(y, mu)
sage: assume(y+1>0)
sage: assume(y,'integer')
sage: integral(x^y/(e^(x+mu)+1),x,0,oo)
integrate(x^y/(e^(mu + x) + 1), x, 0, +Infinity)

so, nothing ... or if you try special values

sage: integral(x^(-1/2)/(e^(x+mu)+1),x,0,oo)
integrate(1/((e^(mu + x) + 1)*sqrt(x)), x, 0, +Infinity)

sage: integral(x^1/(e^(x+mu)+1),x,0,oo)
polylog(2, -e^mu) + limit(1/2*x^2 - x*log(e^(mu + x) + 1) - polylog(2, -e^(mu + x)), x, +Infinity, minus)

again, not too helpful. Maybe there are 'tricks' to get further but I don't know.

If however you use MM then, out of the box:

sage: mathematica('Integrate[x^a/ (Exp[x + b] + 1), {x, 0, Infinity}, Assumptions -> {Re[a] > -1}]')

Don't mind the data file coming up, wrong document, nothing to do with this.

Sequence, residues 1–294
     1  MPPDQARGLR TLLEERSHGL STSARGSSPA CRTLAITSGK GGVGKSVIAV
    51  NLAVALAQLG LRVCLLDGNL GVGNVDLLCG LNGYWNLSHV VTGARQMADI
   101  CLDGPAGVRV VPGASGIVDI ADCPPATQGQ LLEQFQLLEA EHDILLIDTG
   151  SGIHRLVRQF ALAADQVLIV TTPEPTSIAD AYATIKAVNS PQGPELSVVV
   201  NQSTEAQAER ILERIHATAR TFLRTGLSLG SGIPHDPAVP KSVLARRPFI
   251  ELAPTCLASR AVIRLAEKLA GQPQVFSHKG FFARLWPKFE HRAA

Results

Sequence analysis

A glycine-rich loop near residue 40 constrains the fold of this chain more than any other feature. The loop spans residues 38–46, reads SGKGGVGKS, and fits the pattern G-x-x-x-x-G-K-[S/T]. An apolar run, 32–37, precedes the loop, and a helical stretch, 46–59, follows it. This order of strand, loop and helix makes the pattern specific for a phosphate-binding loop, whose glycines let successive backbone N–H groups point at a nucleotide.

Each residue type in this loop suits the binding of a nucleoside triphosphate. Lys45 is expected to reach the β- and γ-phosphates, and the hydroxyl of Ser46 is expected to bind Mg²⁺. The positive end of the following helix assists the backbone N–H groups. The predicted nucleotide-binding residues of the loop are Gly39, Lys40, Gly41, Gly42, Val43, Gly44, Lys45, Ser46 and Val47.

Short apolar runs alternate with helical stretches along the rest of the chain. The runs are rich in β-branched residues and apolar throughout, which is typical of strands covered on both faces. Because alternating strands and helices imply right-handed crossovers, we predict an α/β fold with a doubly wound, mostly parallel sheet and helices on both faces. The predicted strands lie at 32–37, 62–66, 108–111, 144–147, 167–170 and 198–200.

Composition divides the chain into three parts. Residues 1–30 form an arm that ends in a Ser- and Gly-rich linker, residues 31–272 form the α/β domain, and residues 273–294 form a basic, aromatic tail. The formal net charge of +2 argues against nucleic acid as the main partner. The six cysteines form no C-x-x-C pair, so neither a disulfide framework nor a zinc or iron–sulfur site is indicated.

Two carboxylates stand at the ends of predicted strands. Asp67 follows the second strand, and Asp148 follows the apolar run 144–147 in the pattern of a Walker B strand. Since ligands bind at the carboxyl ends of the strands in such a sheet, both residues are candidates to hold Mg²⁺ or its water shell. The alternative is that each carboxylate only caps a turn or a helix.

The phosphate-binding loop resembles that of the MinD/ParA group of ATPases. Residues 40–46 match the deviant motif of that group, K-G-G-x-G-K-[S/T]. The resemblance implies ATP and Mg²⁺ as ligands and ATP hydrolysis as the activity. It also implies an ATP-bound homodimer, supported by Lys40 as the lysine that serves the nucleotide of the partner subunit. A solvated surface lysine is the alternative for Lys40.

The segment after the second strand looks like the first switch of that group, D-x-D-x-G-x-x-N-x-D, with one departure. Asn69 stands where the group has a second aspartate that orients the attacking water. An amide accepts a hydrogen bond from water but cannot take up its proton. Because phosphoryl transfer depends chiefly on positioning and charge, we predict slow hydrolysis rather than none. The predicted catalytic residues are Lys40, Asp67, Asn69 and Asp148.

-(a*Gamma[a]*PolyLog[1 + a, -E^(-b)])

so MM 'knows' that your integral can be done analytically and provides the answer, and

sage: mathematica('-(a*Gamma[a]*PolyLog[1 + a, -E^(-b)])/. {a -> -1/2, b -> 0} // N')
1.072154929940191

which is the numerical value we got previously.

In conclusion: To answer if that implies you should better be using MM, there are more powerful experts around here.